Monday, March 20, 2023

WOLVES: The damage they do

| May 28, 2021 1:00 AM

A recent letter to the editor stated that wolves are good for Idaho. I think that depends on which side of the fence you’re on.

The reality is grizzly bears are expanding, and wolves are flourishing but at what cost?

I know of an Idaho ranch family, who used to sell enough hay to pay their fertilizer bill and another family who has an excess of 250 elk that roam their property frequently. Figuring what an elk consumes, that amounts to more than 3,000 pounds of roughage a day, feed that would normally be used for cattle.

Wolves have pushed herds into the lower lands, impacting grazing and land owners. New science tells us of fetal programming, in which elk, deer, cattle, sheep, and other livestock that are pressured by wolves have stresses that we are just beginning to understand.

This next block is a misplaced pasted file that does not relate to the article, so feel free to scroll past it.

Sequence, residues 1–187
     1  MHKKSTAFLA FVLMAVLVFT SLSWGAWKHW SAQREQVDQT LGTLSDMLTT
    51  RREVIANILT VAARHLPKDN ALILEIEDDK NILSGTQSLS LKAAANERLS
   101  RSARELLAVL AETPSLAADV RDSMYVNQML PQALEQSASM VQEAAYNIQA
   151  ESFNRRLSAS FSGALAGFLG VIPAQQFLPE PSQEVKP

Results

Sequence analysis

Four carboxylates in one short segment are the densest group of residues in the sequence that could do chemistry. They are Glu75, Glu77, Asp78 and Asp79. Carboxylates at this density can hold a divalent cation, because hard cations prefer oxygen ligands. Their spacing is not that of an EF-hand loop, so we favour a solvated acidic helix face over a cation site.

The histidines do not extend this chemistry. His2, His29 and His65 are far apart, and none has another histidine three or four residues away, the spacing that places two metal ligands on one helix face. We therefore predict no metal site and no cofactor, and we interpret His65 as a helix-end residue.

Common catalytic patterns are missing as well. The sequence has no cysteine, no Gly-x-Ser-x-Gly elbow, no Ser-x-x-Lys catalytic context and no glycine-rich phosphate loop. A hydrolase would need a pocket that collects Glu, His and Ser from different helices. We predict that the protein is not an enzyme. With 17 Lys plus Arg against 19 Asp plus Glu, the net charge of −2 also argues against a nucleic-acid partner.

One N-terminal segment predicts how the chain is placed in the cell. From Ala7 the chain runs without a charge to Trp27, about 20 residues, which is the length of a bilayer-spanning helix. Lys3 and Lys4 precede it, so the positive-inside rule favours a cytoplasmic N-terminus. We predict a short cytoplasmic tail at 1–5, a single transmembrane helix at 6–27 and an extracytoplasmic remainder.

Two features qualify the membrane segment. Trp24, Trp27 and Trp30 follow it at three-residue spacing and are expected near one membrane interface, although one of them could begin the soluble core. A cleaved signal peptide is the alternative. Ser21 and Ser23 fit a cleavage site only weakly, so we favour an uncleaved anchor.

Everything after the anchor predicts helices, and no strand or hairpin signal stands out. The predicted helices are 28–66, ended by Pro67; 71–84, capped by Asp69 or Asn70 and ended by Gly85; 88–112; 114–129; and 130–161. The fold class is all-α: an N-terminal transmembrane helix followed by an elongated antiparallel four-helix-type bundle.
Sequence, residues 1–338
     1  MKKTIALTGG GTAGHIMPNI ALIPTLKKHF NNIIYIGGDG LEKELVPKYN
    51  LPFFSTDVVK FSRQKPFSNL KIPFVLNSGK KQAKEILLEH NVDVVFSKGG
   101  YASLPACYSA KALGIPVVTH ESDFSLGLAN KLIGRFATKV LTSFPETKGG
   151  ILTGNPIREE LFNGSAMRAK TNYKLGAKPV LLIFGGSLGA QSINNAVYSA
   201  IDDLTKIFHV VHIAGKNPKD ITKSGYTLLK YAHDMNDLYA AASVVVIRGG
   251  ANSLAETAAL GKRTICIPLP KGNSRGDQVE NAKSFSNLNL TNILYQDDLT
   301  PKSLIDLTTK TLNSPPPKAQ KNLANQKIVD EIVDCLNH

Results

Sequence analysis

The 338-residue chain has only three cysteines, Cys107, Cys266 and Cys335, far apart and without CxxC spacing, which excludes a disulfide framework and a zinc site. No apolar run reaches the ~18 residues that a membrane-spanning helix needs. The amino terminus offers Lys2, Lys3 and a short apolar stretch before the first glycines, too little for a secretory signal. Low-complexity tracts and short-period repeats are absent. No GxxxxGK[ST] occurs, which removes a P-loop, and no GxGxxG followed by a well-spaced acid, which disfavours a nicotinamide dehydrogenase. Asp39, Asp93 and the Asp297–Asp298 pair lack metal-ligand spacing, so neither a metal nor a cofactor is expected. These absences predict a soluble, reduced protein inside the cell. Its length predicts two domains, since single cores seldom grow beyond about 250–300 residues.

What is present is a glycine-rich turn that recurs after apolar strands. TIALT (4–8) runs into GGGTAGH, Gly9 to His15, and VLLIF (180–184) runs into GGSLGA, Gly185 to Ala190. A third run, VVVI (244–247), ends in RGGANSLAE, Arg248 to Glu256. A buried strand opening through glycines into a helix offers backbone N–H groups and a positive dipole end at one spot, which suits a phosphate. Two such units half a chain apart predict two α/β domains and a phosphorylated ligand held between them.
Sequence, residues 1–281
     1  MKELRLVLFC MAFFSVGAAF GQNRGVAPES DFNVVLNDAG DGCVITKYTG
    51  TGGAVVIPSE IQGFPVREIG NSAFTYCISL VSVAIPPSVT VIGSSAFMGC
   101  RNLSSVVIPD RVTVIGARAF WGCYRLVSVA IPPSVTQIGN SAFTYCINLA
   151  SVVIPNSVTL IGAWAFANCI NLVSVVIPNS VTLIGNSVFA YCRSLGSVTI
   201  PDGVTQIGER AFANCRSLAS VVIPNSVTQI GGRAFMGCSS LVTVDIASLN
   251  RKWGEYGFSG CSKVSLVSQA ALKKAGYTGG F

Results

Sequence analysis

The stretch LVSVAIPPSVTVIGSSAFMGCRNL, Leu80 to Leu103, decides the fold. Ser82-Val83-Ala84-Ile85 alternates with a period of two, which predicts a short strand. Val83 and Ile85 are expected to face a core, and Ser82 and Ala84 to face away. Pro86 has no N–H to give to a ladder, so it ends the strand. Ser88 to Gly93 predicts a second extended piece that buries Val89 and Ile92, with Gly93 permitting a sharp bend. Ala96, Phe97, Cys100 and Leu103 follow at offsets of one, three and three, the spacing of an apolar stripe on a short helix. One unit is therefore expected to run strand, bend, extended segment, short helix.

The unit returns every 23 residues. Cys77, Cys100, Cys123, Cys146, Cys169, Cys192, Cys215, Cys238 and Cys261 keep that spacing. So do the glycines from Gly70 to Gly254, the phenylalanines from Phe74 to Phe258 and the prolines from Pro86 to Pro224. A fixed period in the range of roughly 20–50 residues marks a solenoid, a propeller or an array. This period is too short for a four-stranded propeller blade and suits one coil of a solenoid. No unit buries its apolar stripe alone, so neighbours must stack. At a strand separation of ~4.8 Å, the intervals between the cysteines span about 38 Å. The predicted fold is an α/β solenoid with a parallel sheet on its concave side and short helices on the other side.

Cattleman sell their calves according to weight, hence lighter calves and lambs at sale date obviously bring less. Fetal programming tells us that unborn livestock is also impacted by the stress of their mother’s being stalked by predators. Lighter birth weights, premature births, and not breeding back are all factors to be considered.

We all signed up for 750 wolves in the greater Yellowstone area. Idaho alone is estimated to have 1,500, not to mention Wyoming, Montana, Oregon and Washington. Fish and Game and land owners need tools in their tool box to better manage high numbers of wolves.

This letter alone does not do this topic justice, nor does it list the real impact that this predator has on livestock producers.


Twin Lakes

(Mr. Scarcello is Kootenai County Predator Control, Animal Damage Board Member for the 10 northernmost Idaho counties.)

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